Institutionalization of the Revolution, 1984
Discussion over the date and procedures for the first national postrevolutionary election began almost immediately after the revolution. The Fundamental Statue of the Republic of Nicaragua gave the junta the authority to call for elections "whenever the conditions of national reconstruction might permit." In 1983 the Council of State passed an amended Political Parties Law that, among other things, defined a political party as a group "vying for power" (the original version proposed by the FSLN defined a political party as a group already "participating in public administration"). Amendments to the law also promised all parties full access to the media.
In mid-1984, the Electoral Law was passed setting the date and conditions for the election. As was the case with the Political Parties Law, much debate went into the law's drafting. The opposition parties favored the election of a two-year interim president and a six-year legislature that would draft a new constitution. The junta, citing foreign pressure to hold elections early and the added cost of two elections in two years, prevailed with its proposal to simultaneously elect the president and members of the new legislature for six-year terms. The opposition preferred a 1985 date for elections to give it time to prepare its campaign, but the FSLN set the election for November 4, 1984 and the inauguration for January 10, 1985. The law set the voting age at sixteen, which the opposition complained was an attempt to capitalize on the FSLN's popularity with the young. The number of National Assembly seats would vary with each election--ninety seats to be apportioned among each party according to their share of the vote and an additional seat for each losing presidential candidate. The entire electoral process would be the responsibility of a new fourth branch of government, the Supreme Electoral Council. Parties that failed to participate in the election would lose their legal status.
By July 1984, eight parties or coalitions had announced their intention to field candidates: the FSLN with Daniel Ortega as presidential candidate; the Democratic Coordinator (Coordinadora Democrática--CD), a broad coalition of labor unions, business groups, and four centrist parties; and six other parties--the PLI, the PPSC, the Democratic Conservative Party (Partido Conservador Demócratica--PCD), the communists, the socialists, and the Marxist-Leninist Popular Action Movement. Claiming that the Sandinistas were manipulating the electoral process, the CD refused to formally file its candidates and urged Nicaraguans to boycott the election. In October, Virgilio Godoy Reyes of the PLI also withdrew his candidacy, although most of the other candidates for the National Assembly and the PLI's vice presidential candidate remained on the ballot. Other parties reportedly were pressured to withdraw from the election also.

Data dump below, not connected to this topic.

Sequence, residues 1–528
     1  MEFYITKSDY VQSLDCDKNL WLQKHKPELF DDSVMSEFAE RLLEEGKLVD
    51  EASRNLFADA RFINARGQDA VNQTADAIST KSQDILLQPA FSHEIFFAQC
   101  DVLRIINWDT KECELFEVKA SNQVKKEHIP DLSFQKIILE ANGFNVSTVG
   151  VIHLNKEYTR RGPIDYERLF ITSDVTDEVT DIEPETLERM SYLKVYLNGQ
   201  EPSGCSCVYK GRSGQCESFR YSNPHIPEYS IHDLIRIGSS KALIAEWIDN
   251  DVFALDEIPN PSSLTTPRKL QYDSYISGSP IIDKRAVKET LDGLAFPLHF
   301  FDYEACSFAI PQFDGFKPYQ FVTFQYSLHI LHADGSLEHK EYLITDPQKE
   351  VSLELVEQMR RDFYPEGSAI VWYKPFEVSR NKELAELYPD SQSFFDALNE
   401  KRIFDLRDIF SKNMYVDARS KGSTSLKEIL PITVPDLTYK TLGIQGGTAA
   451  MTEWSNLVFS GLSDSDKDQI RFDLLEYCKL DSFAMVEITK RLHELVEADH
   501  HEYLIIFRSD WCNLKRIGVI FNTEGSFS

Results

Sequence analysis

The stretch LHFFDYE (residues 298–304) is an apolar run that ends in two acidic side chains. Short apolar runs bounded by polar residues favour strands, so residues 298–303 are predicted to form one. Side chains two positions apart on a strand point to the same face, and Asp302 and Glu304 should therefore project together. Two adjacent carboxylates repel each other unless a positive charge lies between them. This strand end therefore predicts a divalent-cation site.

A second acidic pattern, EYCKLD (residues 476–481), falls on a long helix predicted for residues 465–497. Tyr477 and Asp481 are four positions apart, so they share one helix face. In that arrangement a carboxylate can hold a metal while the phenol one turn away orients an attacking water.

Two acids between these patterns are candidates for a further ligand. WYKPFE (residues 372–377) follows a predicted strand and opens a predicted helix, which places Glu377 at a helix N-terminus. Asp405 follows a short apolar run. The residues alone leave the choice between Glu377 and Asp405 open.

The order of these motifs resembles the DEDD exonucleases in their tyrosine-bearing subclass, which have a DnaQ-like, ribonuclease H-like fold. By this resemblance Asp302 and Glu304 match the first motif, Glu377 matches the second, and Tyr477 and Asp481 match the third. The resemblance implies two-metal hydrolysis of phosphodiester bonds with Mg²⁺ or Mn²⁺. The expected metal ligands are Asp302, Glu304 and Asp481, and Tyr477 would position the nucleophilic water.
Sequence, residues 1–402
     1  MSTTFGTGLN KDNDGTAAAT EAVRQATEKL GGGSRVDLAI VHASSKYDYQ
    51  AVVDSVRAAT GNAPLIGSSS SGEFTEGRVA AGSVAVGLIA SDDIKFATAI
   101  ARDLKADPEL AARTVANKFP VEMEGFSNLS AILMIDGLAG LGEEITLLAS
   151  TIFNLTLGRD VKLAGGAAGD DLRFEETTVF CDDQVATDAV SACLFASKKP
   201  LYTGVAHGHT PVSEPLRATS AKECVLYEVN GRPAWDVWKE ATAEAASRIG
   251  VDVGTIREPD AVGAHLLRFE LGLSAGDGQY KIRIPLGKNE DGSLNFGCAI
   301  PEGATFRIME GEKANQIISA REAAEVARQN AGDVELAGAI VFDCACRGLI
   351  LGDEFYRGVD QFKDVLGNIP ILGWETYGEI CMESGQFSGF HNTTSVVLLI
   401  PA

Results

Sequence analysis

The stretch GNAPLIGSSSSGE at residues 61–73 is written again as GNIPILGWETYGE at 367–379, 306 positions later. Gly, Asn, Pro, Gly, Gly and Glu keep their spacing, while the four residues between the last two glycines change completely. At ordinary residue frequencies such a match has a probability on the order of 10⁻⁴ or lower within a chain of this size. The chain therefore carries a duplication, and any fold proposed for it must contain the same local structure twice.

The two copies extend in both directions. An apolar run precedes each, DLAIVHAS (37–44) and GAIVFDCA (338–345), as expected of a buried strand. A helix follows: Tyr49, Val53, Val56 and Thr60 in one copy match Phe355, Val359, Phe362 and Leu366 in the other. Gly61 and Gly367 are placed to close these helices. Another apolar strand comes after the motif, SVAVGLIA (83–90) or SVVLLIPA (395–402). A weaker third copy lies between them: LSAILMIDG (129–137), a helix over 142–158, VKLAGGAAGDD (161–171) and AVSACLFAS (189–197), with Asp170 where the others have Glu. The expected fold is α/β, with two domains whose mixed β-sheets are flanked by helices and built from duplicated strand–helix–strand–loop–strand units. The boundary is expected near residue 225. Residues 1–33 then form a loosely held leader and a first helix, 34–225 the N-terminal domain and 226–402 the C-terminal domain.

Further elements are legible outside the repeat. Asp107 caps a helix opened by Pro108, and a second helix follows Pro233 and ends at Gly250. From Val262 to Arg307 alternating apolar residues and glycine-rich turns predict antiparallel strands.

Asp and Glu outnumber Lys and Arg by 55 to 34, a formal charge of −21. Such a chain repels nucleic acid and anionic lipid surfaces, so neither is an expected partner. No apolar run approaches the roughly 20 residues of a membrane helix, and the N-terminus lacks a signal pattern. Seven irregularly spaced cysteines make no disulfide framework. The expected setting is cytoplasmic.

On November 4 1984, about 75 percent of the registered voters went to the polls. The FSLN won 67 percent of the votes, the presidency, and sixty-one of the ninety-six seats in the new National Assembly. The three conservative parties that remained in the election garnered twenty-nine seats in the National Assembly; the three parties on the left won a total of six seats. Foreign observers generally reported that the election was fair. Opposition groups, however, said that the FSLN domination of government organs, mass organizations groups, and much of the media created a climate of intimidation that precluded a truly open election. Inauguration came on January 10, 1985; the date was selected because it was the seventh anniversary of the assassination of newspaper editor Chamorro. Attending Ortega's swearing in as president were the presidents of Yugoslavia and Cuba, the vice presidents of Argentina and the Soviet Union, and four foreign ministers from Latin America.
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